Patients included in the study were admitted to our facility for conservative management and received antenatal corticosteroids for lung maturation (2 doses of betamethasone 12 mg IM at 24 hours interval) and antibiotic prophylaxis according to the Mercer protocol.6 Magnesium sulfate was administered for neuroprotection (4 gram loading dose over 20 minutes followed by 1 gram per hour maintenance) if gestational age was between 24 and 32 weeks. Urine and cervical cultures were collected and treatment was employed accordingly. An ultrasound was obtained on admission and single deepest pocket measurement was obtained by measuring the vertical diameter of the largest amniotic fluid pocket. All patients remained hospitalized until delivery and were followed with daily non-stress testing (NST) and bi-weekly biophysical profile (BPP). Indications for delivery included active labor, chorioamnionitis, placental abruption, non-reassuring fetal heart tracing, or induction of labor for patients who reached 34 weeks.

Maternal and obstetrical data were collected and maternal outcomes included gestational age at time of admission, latency period, chorioamnionitis, sepsis, placental abruption, admission to ICU, and death. The latency period was defined as the interval in days from the time of PPROM to delivery. Maternal chorioamnionitis was diagnosed in the presence of two or more of the following criteria: maternal fever greater than 38oC, maternal or fetal tachycardia (above 120 bpm and 160 bpm, respectively), leukocytosis (greater than 20,000/mm3), uterine tenderness or foul-smelling amniotic fluid.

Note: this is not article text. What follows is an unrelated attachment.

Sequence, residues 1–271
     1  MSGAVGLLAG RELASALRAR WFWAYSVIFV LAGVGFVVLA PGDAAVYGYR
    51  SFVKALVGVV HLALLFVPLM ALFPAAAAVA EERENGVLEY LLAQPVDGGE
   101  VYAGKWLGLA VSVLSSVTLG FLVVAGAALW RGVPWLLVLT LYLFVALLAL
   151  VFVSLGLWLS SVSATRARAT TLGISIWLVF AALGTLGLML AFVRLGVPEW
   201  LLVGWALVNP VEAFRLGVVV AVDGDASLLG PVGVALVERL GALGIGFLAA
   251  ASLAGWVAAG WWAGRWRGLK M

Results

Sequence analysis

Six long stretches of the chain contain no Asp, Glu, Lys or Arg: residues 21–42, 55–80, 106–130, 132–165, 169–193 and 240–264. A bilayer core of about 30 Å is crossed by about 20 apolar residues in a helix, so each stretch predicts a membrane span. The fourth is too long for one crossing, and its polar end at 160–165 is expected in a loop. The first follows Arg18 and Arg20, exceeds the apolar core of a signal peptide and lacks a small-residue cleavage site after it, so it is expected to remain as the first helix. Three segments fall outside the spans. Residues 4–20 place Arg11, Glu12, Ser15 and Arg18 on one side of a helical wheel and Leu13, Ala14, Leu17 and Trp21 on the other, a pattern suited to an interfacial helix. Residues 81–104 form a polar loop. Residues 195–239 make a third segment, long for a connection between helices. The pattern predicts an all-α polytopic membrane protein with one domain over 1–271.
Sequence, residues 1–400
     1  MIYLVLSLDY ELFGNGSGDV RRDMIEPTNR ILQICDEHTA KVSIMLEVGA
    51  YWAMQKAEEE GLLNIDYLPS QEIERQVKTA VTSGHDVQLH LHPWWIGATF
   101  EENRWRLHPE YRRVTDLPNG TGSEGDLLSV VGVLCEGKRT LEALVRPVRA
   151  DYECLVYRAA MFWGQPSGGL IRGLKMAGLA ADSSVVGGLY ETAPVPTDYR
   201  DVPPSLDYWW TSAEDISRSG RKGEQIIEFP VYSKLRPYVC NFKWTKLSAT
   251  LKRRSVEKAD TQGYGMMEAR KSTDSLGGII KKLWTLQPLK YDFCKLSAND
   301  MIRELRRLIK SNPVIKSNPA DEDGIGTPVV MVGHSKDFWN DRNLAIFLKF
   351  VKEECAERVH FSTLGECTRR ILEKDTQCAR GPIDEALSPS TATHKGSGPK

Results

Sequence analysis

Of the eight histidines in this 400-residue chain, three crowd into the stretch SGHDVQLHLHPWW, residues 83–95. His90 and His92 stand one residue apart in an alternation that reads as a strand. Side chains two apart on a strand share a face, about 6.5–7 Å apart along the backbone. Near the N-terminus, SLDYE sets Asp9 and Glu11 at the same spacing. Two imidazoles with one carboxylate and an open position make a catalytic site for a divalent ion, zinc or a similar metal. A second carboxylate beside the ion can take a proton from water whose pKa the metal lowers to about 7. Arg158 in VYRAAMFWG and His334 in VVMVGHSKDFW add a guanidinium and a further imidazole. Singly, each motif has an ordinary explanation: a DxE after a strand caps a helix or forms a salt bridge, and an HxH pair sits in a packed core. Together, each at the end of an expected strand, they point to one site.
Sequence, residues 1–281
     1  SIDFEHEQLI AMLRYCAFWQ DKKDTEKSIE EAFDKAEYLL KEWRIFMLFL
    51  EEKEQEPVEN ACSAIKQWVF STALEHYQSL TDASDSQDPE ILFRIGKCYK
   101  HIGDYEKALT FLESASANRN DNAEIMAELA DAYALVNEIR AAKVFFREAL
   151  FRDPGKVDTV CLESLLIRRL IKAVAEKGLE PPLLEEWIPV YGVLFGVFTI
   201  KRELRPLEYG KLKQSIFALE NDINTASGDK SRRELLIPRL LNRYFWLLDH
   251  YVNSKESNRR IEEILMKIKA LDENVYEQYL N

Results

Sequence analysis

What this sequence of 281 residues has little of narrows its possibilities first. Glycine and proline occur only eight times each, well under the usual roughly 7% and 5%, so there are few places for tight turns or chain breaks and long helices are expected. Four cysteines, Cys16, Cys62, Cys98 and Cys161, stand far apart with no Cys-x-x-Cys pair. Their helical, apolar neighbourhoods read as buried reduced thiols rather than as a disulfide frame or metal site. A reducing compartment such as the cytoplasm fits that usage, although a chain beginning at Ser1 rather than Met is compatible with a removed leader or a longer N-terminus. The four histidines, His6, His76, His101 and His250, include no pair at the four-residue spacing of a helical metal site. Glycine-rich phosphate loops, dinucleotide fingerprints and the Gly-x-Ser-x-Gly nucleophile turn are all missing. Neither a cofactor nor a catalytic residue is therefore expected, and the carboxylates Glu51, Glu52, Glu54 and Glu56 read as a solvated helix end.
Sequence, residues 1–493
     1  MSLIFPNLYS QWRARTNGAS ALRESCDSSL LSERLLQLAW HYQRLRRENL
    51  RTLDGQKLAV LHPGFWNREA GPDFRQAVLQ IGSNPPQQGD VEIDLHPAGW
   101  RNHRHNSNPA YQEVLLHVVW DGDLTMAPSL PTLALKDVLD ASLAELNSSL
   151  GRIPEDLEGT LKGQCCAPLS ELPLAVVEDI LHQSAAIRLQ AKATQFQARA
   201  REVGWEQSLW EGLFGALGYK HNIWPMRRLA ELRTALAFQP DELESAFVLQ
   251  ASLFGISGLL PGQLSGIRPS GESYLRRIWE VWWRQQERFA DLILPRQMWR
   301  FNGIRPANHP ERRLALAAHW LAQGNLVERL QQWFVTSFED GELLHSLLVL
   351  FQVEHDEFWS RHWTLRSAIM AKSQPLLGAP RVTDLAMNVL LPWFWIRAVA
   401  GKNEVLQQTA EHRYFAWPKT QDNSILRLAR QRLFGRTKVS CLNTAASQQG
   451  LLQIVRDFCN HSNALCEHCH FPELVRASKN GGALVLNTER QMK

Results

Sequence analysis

Perinatal outcomes collected included gestational age at delivery, birth weight, Apgar scores at one minute, respiratory distress syndrome, neonatal sepsis, emergency intubation, phototherapy, length of stay in ICU and neonatal death. Neonatal sepsis was diagnosed by positive blood, urine or cerebrospinal fluid culture. Respiratory distress syndrome was based on clinical symptoms associated with radiographic findings (hyaline membrane disease) or respiratory insufficiency related to prematurity in an infant who needed ventilatory support for the first 4 hours of life.

Statistical analyses were performed using SAS JMP Pro (Windows version 12 Cary Inc., North Carolina). The results were expressed as mean standard deviation for continuous variables and number and percentages for categorical variables. Continuous variables were examined for their distributional characteristics and, when appropriate, were re-expressed to achieve normality. Student’s t-test was used for continuous variables while percentages were compared using contingency tables and associated Chi-squares tests. All p values were expressed as exact values against the null hypothesis.


A total of 78 patients with PPROM met the study criteria: 24 (31%) were included in group 1 (SDP <2cm) and 54 (69%) were included in group 2 (SDP 2cm). Both groups were similar with respect to maternal age, race and mean parity. Demographic characteristics are shown in Table 1. Patients with SDP <2cm were noted to have a significantly earlier gestational age at PPROM (p< 0.001). Latency periods were similar between groups (Table 1). Chorioamnionitis was diagnosed in 25 patients (32%) and maternal sepsis in 2 cases (2.6%). No patients were admitted to ICU and there were no cases of maternal death. There was no statistically significant difference between cases with SDP <2cm and those with SDP 2cm with regard to chorioamnionitis and sepsis (Table 1)